Car Rides and Christmas

On the eve of Christmas Eve, my older sister and I shared my red blanket with the Colorado flag printed on it while murmuring quietly in my dad’s basement. A family argued on the television about how old you have to be to date and drink, but neither of us paid much attention. The new heater my dad bought warmed me into drowsiness, but I help conversation with my sister for a while before my mind begged me for sleep.

That was the first time my older sister and I ever hung out and talked in that house. By the time we moved to the northern end of Colorado Springs, she was almost out of high school, and back then we weren’t friendly towards one another. She, obviously, was older, and therefore cooler and uninterested in sibling love. When we did talk, it often led to bickering, as well as the occasional hole in the wall. Our little sisters like to have sleepovers in each other’s rooms and often fall asleep to giggles and whispers. If Mia and I ever tried to share a bed, one of us would inevitably be hurt by morning. She might have given me a bruise on the ribs, or I might have kicked her “unintentionally” in the face. We, in other words, were not friends. Our little sisters, however, are best friends. I like my sister being my sister, though. It’s a very different sort of relationship.

After a difficult night of sleep on the basement soda, I joined my dad in the kitchen to make breakfast. He prepared it all, but he had a doctor’s appointment–still cancer free!–so I cooked. And, to the younger girls’ pleasure, we opened every single bag and box beneath the pre-lit artificial tree. Later that evening, I underwent the same ceremony at my mom’s.

At this point, I would like to wish you all happy holidays, and I hope your 2015 starts out right!

On Christmas day, my mom and older sister boarded a plane headed to Oregon, and I drove from Colorado Springs back home. On my way through Denver, I started noticing the heavy black cloud with a curtain of white hanging below it. On my way out of Denver, the curtain blinded me. For an hour and a half, I drove at at a painfully slow rate to avoid sliding off the interstate as so many other vehicles already had. Half an hour of snow, and people’s bumpers were buried in ditches.

I was perfectly safe until hitting the exit ramp. Foot down all the way, nearly at a stop, and the ice slid my car into a stranger’s. It was a miracle I hit the nicest woman on the planet and did no damage whatsoever. Once I got home, though, I was shaking violently with anxiety-driven adrenaline. Wrapping me in his arms, Rob made me take a deep breath, and he calmed me down. The rest of my Christmas was leftovers and Bond films.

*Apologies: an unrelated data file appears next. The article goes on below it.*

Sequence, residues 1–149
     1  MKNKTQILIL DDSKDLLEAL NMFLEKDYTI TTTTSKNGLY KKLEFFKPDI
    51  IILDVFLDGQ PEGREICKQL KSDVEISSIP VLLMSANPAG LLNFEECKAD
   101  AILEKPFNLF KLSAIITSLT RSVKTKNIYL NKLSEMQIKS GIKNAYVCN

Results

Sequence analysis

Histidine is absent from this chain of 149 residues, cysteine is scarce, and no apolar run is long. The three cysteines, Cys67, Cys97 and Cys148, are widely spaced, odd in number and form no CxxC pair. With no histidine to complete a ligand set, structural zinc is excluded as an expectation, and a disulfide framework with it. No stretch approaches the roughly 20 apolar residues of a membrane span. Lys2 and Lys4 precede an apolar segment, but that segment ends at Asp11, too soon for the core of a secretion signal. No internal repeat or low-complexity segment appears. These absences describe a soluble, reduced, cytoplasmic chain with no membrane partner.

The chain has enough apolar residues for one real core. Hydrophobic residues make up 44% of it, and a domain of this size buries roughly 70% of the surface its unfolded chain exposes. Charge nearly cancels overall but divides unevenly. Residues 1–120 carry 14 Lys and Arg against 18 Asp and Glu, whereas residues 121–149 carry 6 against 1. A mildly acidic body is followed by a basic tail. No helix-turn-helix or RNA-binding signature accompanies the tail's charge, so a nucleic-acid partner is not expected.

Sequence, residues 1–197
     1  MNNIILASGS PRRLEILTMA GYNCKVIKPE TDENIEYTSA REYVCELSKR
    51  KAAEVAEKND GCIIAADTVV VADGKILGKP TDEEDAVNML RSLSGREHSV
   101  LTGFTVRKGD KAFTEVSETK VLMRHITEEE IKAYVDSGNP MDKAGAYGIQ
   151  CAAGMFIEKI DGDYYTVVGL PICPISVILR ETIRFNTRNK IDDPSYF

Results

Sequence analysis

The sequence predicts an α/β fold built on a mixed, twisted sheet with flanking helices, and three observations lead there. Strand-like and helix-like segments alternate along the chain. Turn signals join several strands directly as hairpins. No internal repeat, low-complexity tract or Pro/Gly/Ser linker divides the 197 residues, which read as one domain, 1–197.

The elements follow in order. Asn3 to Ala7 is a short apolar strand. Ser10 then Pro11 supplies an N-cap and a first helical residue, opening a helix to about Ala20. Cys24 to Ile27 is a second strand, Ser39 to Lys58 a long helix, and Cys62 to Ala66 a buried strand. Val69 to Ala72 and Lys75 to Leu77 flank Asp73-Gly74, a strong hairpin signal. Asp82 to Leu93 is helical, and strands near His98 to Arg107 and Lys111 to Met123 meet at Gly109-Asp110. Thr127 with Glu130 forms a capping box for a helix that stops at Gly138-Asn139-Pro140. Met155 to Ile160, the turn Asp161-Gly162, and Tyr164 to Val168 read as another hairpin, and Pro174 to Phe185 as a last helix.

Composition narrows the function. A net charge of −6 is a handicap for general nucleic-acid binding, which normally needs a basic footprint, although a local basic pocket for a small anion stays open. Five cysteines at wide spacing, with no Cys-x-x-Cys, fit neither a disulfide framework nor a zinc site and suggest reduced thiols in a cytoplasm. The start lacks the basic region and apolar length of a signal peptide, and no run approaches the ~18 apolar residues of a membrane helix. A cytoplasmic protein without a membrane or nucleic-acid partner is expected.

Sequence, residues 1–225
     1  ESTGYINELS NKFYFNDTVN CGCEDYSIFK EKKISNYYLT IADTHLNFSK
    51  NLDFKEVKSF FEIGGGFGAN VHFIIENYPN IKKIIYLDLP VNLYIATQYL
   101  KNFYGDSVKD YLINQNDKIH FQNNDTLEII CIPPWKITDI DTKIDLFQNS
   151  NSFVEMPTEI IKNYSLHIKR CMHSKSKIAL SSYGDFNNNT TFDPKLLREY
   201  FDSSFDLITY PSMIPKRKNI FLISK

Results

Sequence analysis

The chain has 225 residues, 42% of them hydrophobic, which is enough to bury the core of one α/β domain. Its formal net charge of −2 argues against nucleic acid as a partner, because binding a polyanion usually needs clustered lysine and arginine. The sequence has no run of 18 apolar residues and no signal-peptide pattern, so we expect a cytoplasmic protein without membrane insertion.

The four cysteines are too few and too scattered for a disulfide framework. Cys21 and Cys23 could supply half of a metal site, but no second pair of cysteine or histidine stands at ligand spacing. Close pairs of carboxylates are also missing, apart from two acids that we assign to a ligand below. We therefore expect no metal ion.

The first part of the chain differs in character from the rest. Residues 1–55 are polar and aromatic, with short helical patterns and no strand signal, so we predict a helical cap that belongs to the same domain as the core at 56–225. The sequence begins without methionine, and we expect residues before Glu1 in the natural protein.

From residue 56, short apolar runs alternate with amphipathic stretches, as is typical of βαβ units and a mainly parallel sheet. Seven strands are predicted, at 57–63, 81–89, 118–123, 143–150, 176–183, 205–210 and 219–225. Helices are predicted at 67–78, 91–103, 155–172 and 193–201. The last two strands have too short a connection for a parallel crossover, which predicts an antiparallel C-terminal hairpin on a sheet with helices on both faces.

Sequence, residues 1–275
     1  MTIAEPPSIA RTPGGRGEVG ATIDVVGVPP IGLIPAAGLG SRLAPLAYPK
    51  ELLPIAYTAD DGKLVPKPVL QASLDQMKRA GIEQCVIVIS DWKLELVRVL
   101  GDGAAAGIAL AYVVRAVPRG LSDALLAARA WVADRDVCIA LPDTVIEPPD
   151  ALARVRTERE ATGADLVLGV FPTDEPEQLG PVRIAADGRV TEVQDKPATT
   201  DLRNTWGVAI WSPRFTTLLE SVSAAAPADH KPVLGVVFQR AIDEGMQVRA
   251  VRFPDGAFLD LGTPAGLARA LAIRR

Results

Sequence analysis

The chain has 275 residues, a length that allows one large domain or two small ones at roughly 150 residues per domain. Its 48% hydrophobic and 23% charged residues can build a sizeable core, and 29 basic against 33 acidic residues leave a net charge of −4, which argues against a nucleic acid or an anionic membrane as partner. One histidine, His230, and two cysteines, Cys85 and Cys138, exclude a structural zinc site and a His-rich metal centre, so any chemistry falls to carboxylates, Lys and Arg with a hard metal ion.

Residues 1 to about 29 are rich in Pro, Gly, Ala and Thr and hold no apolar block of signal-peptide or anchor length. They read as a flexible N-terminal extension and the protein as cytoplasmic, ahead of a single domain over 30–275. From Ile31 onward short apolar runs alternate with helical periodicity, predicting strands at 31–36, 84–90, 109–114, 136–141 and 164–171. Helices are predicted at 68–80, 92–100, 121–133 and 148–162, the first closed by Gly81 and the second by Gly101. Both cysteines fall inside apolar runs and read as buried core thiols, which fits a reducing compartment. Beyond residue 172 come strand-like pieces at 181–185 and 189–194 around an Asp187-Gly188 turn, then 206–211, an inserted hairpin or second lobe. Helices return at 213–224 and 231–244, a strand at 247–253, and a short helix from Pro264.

Now, I am happy to say I have some time to myself. I spent the day cleaning my apartment(which gets surprisingly disgusting if I leave my roommate to his own devices), I read a good chunk of John Dies at the End, and I’m just about ready to catch up on some much-needed sleep.

Be well, readers!



It makes me feel guilty when I don’t write or post to my blog for a while, especially considering that my last post was a reblog. Strangely, though, I want to to blame it on laziness, when it’s really just lack of time and motivation. The last few weeks have been very odd, too.

My dad and I have a hard time keeping in touch. My stepmom and I email back and forth occasionally, so I usually know what’s going on at home, but my dad never answers his phone or returns messages. A couple weeks ago, however, he did give me a call. He told me he went to the doctor after he got back from China–nobody had told me he was in China at all, by the way–and they got some funny results. He was scheduled to go into surgery the next morning.

Cancer has hit my family pretty hard.When I was in high school, my mom found out she had colon cancer. She had to get surgery, and she had to go through chemotherapy. Throughout the whole process, my dad was very sweet and helpful, even though they’re divorced and don’t get along. At the time, I was just starting to drive, so he helped pick her up after chemo, and he got her flowers. She wanted to do the same for him when he got his news, but the whole process went much more quickly.